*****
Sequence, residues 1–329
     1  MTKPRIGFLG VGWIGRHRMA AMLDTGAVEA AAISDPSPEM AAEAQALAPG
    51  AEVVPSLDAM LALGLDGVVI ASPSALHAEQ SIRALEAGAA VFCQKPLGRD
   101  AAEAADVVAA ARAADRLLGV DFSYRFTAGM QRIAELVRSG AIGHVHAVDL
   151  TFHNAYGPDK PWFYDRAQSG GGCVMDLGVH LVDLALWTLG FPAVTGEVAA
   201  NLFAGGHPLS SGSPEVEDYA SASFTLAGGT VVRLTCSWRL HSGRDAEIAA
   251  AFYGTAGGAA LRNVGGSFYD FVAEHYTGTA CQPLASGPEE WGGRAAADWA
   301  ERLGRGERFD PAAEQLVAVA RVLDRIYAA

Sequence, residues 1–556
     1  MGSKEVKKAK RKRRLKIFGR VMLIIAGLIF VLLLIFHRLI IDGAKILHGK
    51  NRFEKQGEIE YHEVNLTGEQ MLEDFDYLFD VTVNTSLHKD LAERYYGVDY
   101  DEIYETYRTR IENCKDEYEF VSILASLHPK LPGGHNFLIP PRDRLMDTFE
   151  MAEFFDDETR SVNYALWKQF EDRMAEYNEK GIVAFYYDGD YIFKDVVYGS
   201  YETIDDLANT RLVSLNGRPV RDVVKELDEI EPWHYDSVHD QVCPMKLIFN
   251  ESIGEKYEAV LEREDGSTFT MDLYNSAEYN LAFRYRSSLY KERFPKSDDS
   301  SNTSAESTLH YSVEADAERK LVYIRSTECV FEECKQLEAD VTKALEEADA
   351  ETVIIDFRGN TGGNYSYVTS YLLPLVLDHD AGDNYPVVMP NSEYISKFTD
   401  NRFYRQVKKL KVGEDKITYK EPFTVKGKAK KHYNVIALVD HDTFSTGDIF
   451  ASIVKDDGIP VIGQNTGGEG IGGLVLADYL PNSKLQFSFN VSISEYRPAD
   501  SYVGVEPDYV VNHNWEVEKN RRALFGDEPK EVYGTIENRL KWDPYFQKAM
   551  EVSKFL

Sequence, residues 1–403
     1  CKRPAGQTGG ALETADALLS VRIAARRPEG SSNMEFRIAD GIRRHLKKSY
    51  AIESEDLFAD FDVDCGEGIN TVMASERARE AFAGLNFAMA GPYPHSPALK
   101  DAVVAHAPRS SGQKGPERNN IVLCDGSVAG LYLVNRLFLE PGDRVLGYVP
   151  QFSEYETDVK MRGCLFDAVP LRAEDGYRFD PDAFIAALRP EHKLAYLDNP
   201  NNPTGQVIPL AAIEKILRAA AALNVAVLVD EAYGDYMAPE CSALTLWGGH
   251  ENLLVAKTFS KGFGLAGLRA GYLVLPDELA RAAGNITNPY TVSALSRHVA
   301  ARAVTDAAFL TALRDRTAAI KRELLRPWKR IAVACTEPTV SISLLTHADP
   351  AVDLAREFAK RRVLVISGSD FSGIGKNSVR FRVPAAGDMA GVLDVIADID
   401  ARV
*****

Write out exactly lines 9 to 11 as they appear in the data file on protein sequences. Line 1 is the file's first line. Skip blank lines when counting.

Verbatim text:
Sequence, residues 1–556
     1  MGSKEVKKAK RKRRLKIFGR VMLIIAGLIF VLLLIFHRLI IDGAKILHGK
    51  NRFEKQGEIE YHEVNLTGEQ MLEDFDYLFD VTVNTSLHKD LAERYYGVDY